Difference between revisions of "Universe of discourse"

From Lojban
Jump to: navigation, search
(As coined by Boole)
 
Line 5: Line 5:
 
== As coined by Boole ==
 
== As coined by Boole ==
 
<blockquote>In every discourse … there is an assumed or expressed limit within which the subjects of its operation are confined. The most unfettered discourse is that in which the words we use are understood in the widest possible application, and for them the limits of discourse are co-extensive with those of the universe itself. But more usually we confine ourselves to a less spacious field. … Now, whatever may be the extent of the field within which all the objects of our discourse are found, that field may properly be termed the '''universe of discourse'''. Furthermore, this universe of discourse is in the strictest sense the ultimate subject of the discourse.</blockquote>
 
<blockquote>In every discourse … there is an assumed or expressed limit within which the subjects of its operation are confined. The most unfettered discourse is that in which the words we use are understood in the widest possible application, and for them the limits of discourse are co-extensive with those of the universe itself. But more usually we confine ourselves to a less spacious field. … Now, whatever may be the extent of the field within which all the objects of our discourse are found, that field may properly be termed the '''universe of discourse'''. Furthermore, this universe of discourse is in the strictest sense the ultimate subject of the discourse.</blockquote>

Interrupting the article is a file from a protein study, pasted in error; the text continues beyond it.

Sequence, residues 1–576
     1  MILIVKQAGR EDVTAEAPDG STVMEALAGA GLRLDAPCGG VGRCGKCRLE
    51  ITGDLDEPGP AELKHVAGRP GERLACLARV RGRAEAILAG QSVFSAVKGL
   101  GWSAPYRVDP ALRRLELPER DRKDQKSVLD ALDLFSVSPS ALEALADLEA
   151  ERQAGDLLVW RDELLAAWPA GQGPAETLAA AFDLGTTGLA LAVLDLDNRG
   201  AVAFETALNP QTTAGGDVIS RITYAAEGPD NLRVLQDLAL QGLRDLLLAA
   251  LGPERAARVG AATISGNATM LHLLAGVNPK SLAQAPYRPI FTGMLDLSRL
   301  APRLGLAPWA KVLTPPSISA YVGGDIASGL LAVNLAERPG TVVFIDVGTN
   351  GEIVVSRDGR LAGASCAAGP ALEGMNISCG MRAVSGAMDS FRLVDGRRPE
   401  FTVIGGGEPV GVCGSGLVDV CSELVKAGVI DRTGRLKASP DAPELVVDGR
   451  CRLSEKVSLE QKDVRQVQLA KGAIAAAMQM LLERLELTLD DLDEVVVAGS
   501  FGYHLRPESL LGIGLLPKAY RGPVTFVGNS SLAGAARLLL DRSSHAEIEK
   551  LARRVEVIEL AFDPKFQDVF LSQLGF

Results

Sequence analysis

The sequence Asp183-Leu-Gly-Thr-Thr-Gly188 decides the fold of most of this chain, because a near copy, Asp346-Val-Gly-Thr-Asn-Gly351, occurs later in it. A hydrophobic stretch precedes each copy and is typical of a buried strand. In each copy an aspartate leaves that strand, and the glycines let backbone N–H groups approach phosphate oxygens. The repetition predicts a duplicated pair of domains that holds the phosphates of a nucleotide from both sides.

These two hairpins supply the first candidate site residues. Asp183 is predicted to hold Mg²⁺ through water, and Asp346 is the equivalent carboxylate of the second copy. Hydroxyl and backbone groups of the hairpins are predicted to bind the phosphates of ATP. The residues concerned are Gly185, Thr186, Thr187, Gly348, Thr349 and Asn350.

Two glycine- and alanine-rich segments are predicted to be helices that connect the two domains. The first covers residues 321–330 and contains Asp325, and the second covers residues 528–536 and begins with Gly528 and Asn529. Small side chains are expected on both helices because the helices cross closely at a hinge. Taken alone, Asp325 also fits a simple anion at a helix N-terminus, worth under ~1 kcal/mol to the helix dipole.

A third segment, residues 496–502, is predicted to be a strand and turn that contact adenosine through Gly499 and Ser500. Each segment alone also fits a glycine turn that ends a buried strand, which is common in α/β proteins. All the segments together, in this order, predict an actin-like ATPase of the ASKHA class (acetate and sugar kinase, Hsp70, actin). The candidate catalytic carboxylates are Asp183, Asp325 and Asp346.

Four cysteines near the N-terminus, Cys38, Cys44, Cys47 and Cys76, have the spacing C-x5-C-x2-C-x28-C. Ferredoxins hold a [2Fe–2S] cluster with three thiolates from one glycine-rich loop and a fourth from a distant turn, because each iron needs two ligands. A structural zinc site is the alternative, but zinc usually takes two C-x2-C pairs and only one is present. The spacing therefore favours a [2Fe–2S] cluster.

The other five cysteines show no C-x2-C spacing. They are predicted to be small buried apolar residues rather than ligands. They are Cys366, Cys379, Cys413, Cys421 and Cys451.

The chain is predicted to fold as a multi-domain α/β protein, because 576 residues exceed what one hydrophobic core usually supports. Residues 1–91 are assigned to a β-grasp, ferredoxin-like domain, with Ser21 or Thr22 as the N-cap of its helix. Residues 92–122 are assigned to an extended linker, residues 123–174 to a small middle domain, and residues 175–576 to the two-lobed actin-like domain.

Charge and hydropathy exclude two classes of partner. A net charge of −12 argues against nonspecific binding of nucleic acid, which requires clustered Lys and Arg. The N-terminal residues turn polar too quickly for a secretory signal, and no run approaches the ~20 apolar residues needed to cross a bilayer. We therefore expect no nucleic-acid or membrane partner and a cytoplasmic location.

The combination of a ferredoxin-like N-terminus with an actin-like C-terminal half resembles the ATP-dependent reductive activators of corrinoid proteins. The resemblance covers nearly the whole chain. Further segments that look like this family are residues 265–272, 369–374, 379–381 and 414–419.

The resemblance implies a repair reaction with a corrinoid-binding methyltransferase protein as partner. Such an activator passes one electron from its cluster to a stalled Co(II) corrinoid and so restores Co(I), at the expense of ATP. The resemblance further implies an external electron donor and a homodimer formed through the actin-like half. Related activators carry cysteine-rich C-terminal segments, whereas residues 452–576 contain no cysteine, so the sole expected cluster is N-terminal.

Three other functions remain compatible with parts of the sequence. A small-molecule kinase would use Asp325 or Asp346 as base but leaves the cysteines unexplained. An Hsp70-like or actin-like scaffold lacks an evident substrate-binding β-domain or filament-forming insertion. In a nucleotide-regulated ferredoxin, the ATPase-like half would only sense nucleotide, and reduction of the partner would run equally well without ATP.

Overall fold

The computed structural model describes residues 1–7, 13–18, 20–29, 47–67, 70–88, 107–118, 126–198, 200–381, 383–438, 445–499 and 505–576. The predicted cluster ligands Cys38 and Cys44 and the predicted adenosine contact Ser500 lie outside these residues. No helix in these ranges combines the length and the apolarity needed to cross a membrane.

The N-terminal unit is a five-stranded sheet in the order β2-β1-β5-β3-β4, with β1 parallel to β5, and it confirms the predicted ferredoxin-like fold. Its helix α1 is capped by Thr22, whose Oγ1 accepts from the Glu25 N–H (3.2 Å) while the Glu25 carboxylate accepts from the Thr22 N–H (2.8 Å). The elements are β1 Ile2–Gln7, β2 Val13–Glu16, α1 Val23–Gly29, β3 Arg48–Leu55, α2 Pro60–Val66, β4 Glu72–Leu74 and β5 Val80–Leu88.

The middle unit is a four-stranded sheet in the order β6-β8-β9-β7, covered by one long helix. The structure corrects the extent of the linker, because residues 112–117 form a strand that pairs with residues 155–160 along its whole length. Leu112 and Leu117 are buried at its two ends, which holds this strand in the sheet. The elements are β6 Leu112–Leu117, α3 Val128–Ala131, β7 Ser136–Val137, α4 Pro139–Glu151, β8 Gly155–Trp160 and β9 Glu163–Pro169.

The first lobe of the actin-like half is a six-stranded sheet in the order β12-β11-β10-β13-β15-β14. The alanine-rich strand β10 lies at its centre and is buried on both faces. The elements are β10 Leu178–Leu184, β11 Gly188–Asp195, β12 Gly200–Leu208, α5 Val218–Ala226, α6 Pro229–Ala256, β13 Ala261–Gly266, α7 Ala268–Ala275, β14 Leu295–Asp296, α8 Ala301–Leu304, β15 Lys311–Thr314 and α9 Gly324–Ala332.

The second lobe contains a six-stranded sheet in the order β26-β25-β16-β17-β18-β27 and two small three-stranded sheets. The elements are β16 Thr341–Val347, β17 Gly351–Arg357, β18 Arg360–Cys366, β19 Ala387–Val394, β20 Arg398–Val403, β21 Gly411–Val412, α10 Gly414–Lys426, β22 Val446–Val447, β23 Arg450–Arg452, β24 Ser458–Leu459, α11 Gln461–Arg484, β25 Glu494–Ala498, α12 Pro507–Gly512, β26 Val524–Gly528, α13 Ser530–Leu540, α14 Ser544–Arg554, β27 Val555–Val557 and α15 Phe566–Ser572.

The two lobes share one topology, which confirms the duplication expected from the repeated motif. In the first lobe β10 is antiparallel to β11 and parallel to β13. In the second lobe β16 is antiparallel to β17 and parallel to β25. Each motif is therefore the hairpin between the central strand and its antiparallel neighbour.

George Boole, ''The Laws of Thought'' (1854)
+
''The Laws of Thought'' (1854)

Latest revision as of 22:01, 11 May 2018

The universe of discourse or domain of discourse describes the plurality of entities over which variables may range.

Although the term "universe of discourse" was coined by George Boole in 1854, as early as 1846, Augustus De Morgan had referred to a similar concept, described as "the universe under consideration".

As coined by Boole

In every discourse … there is an assumed or expressed limit within which the subjects of its operation are confined. The most unfettered discourse is that in which the words we use are understood in the widest possible application, and for them the limits of discourse are co-extensive with those of the universe itself. But more usually we confine ourselves to a less spacious field. … Now, whatever may be the extent of the field within which all the objects of our discourse are found, that field may properly be termed the universe of discourse. Furthermore, this universe of discourse is in the strictest sense the ultimate subject of the discourse.

The Laws of Thought (1854)